The Mulsanne, Bentley’s flagship, is set to become even more lavish with an additional selection of options and features which will, presumably, allow it to compete more closely with the Rolls-Royce Phantom.
Currently, the Mulsanne sits within the super-luxury segment somewhere between Rolls-Royce’s Ghost and Phantom, but the new range of options will begin to make the Mulsanne more of a substitute for a Phantom than a stepping-stone toward it.
My favourite addition to the Bentley, available with the other changes from 2014, is rather unusual: curtains. I know that such an addition may seem small, but they do distinguish a car like the Mulsanne from comparatively impoverished vehicles such as the BMW 7-series and Audi A8. These German cars use electric sun-blinds to shelter their occupants from the outside world, but curtains! Horse drawn carriages have curtains, not cheap (<£100,000) German cars. Houses have curtains too, and for the £225,000 cost of a Bentley Mulsanne one could buy a house; but the curtains in such a house wouldn’t open and close at the touch of button, so purchase the Bentley instead.
Aside from window hangings, the technology side of the Mulsanne has been upgraded to feature Wi-Fi integration. Many cars are starting to incorporate this technology nowadays, but I suspect few passengers will find it as useful as the eternally connected business executives that Bentley targets. To accompany the Wi-Fi capability, new picnic tables are also available. I am aware that picnic tables and Wi-Fi are not usually complimentary, but these hide-trimmed bureaus feature specially designed iPad compartments which fold out if writing by hand becomes too archaic. This is the best incorporation of iPads into a vehicle that I’ve come across (with the other offerings in the XJ Ultimate Edition and some luxury off-road cars) as they can be completely concealed when not in use.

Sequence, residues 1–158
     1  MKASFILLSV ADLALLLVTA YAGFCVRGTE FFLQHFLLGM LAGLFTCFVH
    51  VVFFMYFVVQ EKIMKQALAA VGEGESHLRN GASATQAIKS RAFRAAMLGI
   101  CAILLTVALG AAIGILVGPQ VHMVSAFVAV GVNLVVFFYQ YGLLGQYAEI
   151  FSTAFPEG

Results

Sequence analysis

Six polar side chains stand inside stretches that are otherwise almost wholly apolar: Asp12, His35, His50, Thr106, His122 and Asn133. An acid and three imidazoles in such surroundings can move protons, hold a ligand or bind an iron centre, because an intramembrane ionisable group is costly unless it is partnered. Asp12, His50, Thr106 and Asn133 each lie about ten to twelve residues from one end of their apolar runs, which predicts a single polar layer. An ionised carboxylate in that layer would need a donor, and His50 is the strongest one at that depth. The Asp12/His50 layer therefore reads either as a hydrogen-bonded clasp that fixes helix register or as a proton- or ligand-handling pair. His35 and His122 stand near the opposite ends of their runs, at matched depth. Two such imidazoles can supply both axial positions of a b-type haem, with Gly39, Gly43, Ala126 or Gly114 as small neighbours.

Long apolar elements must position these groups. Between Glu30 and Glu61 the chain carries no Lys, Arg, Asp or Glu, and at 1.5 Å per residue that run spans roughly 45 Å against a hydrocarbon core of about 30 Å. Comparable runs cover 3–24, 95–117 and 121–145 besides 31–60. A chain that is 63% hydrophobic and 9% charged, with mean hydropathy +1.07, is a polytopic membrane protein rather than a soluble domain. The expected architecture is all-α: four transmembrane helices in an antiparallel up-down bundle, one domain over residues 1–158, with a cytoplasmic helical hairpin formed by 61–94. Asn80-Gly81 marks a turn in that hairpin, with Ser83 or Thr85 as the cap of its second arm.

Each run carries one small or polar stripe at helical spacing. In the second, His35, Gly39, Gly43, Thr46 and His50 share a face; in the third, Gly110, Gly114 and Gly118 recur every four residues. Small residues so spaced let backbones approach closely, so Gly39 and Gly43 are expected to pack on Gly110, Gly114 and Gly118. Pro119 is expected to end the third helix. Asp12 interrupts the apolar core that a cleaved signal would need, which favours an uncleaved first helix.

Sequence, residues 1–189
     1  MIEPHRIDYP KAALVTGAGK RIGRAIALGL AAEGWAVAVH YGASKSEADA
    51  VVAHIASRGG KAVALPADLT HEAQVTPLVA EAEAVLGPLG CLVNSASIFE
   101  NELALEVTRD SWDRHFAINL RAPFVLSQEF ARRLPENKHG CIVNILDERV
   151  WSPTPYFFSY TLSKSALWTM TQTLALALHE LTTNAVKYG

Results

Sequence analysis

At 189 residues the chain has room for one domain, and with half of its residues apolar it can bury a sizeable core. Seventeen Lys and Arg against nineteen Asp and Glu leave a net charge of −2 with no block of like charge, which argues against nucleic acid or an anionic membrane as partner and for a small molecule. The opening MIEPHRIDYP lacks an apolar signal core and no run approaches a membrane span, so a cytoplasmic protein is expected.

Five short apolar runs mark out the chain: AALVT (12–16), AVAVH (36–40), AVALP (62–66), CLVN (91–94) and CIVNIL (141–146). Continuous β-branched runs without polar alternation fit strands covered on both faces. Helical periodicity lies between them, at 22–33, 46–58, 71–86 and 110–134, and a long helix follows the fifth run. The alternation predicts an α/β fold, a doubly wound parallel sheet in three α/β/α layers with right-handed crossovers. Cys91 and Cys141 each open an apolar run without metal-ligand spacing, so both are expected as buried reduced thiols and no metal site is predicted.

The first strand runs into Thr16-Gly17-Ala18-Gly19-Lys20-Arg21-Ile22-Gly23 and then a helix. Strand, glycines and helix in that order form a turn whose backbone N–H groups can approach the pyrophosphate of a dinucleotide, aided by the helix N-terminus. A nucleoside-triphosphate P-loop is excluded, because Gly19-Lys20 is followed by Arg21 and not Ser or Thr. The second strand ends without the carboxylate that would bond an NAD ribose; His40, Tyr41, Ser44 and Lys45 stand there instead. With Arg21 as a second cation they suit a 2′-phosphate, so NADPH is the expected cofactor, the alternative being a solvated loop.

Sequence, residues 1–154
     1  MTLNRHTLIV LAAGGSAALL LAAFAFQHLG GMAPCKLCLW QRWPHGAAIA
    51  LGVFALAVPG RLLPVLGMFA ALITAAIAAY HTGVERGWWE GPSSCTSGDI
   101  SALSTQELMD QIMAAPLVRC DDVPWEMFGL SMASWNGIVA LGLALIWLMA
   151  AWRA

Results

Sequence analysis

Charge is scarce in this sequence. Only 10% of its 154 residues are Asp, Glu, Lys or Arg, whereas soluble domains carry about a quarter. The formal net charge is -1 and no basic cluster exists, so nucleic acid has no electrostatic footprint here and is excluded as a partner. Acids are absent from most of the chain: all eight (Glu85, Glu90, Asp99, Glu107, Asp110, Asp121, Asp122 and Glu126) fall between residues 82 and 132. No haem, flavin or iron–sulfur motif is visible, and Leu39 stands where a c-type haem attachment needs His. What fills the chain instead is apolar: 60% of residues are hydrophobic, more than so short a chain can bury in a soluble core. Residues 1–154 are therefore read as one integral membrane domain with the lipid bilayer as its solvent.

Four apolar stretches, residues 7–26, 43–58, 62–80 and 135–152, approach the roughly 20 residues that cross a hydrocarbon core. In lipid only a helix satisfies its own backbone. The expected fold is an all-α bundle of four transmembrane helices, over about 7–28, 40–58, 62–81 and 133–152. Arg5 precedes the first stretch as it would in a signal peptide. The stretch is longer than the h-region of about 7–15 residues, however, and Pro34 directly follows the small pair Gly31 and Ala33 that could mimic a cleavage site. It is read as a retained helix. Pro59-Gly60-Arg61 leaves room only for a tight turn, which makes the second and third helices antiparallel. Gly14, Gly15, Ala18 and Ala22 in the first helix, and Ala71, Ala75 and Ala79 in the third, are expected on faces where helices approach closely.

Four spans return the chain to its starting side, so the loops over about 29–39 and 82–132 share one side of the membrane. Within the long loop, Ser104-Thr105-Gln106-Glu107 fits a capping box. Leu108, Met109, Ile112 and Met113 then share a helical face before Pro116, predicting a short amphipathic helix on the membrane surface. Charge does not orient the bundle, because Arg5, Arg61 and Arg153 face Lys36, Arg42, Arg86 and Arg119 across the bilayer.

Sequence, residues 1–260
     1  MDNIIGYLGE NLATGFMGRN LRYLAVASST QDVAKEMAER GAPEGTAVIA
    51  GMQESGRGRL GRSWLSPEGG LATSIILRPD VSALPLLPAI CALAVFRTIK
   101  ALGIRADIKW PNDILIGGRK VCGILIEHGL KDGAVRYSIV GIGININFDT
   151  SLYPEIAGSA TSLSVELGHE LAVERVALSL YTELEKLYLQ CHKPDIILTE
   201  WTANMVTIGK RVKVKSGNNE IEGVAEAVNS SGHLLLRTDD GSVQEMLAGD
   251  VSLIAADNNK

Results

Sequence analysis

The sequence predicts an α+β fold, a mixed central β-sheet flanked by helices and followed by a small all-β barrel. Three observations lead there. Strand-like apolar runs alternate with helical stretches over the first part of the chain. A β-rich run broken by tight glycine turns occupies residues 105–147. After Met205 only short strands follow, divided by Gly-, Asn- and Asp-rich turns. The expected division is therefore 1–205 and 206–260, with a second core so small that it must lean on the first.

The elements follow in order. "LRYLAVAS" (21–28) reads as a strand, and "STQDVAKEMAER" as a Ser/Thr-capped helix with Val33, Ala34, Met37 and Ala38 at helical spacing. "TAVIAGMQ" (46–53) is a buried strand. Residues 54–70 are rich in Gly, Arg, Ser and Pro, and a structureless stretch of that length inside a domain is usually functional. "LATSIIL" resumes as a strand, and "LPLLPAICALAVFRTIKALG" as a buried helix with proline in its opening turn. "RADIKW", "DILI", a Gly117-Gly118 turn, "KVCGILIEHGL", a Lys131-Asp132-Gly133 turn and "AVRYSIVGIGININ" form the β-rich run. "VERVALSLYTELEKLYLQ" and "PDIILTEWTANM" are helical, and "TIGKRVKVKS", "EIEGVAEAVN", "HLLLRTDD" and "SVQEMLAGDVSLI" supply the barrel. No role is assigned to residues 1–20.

Apart from some new storage compartments and colour selections, the final change offered on 2014’s Bentley Mulsanne is aimed at those who wish to be chauffeur driven. Targeting an even wealthier or busier set of customers that have drivers, the comfort specification gives rear occupants a new set of headrests with folding wings for additional comfort. They’re also larger than the standard headrests to accommodate ‘an even greater range of passenger statures’. Although headrests may seem like a small detail, most cars only have them to protect passengers if a car is hit from behind, as opposed to providing somewhere to rest one’s head. Footrests in the rear of the car are also added along with a set of throw cushions (purpose unknown) filled with duck down, adding to the veritable farmyard of cattle and sheep from which the rest of the Bentley is made.
Despite these comfort additions, when customers are looking for a car to be chauffeured in, few will deviate from the Rolls-Royce Phantom Extended Wheelbase. The opulence and comfort offered by the Mulsanne is very close to that of the Phantom, and it’s, arguably, the better looking of the two. Aside from the prestige offered by the Rolls-Royce badge, the lack of an Extended Wheelbase variant of the Mulsanne may be to blame. It’s not like room in the rear of the Bentley is lacking, but the lack of a clear divide between a version of the Mulsanne to drive or be driven in may put some customers off of the Bentley. This confusion isn’t helped by the Bentley Continental Flying Spur being yet another alternative, but hopefully the extra amenities now added to the Mulsanne will make things a little clearer.